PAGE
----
Administration of controlled drugs by doctors
Who records use of drugs, what details are recorded where, any monitoring procedures in use, level of confidence in systems in use, and suggestions for improvements.
Policies followed, confidence in these policies, and suggestions for improvements.
Unused and returned controlled drugs
Policies followed, methods of disposal, level of confidence, and suggestions for improvements.
How practices keep up to date with clinical advice about the use of controlled drugs, local sources of advice, and any other comments.
The controlled drug registers and storage facilities were inspected by a clinician (RB) to determine whether the systems in use were in accordance with the regulations (box 1). In addition, a record was made of the methods of storage and the type of controlled drug registers in use. Since the inspection of drug registers and storage facilities might lead to the discovery of inappropriate practice policies, it was agreed with the local medical committee—the statutory body with responsibility for representing the interests of GPs—that, if significant concerns about the policies in a particular practice were identified, the matter would be reported to the local health authority for action to be taken.
The questionnaire was devised in the light of the findings from the initial interviews. Questions were included about the storage of controlled drugs, the information recorded in controlled drugs registers, the disposal of out of date and unused stock, policies on the handling of drugs returned by patients or carers, and views about the acceptability of an inspection scheme and the need for advice and support for practices about the prescribing and administration of controlled drugs. In addition, open questions were included to ask respondents about their concerns about systems to prevent diversion and to seek suggestions for improvement. The questionnaire is available on the QSHC website at www.qshc.com/supplemental.
The questionnaire was mailed to all practices that had not been involved in the interviews. It was addressed to the practice manager with instructions that it should be completed by one of the doctors in the practice. A reminder was sent to non-responders after 3 weeks. Data from the completed questionnaires were entered into a database and descriptive statistics used to identify the proportions of practices with different controlled drug storage and register systems, their views on the security of current systems, and their ideas on how the systems could be improved.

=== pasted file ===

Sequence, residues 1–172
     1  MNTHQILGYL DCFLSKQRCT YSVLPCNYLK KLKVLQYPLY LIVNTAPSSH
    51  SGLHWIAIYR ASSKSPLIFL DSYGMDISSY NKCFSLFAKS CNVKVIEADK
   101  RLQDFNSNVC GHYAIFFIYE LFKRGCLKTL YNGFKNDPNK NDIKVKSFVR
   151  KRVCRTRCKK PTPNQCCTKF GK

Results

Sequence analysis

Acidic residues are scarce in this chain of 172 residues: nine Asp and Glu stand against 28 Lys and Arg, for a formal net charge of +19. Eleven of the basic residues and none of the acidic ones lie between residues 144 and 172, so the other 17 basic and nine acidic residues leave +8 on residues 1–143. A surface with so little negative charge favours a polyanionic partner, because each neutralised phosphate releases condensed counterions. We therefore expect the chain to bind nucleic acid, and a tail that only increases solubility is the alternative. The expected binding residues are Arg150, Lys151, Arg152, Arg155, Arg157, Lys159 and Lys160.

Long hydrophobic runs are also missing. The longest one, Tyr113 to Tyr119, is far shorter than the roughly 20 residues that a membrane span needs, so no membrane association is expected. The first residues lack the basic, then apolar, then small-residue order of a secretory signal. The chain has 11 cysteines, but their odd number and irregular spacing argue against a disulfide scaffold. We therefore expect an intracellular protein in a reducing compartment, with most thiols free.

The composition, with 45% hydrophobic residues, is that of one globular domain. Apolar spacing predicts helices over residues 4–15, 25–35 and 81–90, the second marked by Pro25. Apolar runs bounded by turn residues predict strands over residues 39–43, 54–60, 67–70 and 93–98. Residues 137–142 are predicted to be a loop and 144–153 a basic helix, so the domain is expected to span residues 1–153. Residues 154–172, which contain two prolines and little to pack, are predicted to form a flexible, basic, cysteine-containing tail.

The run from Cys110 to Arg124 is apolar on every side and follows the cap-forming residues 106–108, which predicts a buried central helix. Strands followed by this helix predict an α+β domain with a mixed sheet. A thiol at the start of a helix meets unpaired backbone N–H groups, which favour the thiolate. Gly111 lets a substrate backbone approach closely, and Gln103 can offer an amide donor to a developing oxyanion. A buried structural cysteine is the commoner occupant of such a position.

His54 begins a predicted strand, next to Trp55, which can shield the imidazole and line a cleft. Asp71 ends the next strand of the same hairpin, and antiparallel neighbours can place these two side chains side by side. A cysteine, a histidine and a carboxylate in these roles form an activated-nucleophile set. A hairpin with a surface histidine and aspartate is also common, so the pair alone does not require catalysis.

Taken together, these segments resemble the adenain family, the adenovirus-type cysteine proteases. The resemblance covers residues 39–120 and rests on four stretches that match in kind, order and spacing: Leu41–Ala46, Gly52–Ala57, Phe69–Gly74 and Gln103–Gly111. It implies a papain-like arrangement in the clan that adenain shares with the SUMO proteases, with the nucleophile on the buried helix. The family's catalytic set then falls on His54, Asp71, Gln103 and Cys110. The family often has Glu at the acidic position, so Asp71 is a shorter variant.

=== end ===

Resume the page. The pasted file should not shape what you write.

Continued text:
Sixteen practices identified themselves as willing to take part in the interviews, but two of these withdrew because of the illness of a doctor in each practice. Interviews were completed with the nominated doctor in the other 14 practices. Six were single handed (one dispensing) and eight were group practices (one dispensing). The numbers of partners in the group practices varied from three to eight, and the mean number of years interviewees had been working as GPs was 16 (range 7–29). Five practices were inner city, seven suburban, and two rural.
Four practices did not keep or store controlled drugs, either because they undertook little or no out of hours work themselves or because they used alternative medication—for example, nalbuphine injection in place of diamorphine. Drugs were stored in three locations: a practice stock in a locked cupboard or dedicated drug storage cabinet; in the doctor’s own medical bag; and/or in a practice emergency bag. In two of the 10 practices drugs were kept only in the doctor’s medical bag. Inspection confirmed that, in the eight practices that held a supply of controlled drugs on the premises, secure safes or storage cupboards were used. In the dispensing practices, controlled drugs were stored in dedicated cabinets separated from other drugs.
A variety of drug registers were in use. Seven practices used a standard register published by the National Pharmaceutical Association but three used notebooks modified for the purpose. Both standard registers and modified notebooks had been altered by some practices to enable recording of batch numbers and total amount of drug in stock. Doctors who carried drugs in their bags also maintained personal registers, most commonly ruled notebooks. However, the format was inconsistent and one practitioner was so dissatisfied with current arrangements that he had devised a computerised system incorporating a permanent audit trail. Monitoring of practice registers and the stock of controlled drugs was undertaken by practice nurses (or dispensing staff in dispensing practices). Monitoring was undertaken at variable intervals, from daily to annually. No practice could recall having received an external inspection of their registers or storage arrangements for at least 10 years. Several respondents supported the reintroduction of some form of inspection—for example, one GP commented:
“No, I’m not satisfied with the present arrangements. I think they are hopeless. I mean, I think it was better when we had the regional medical officer come to inspect .... You could leave it in his hands to see whether the books and everything in the cupboard tallied. You know, it’s quite complicated, I think, to work out.”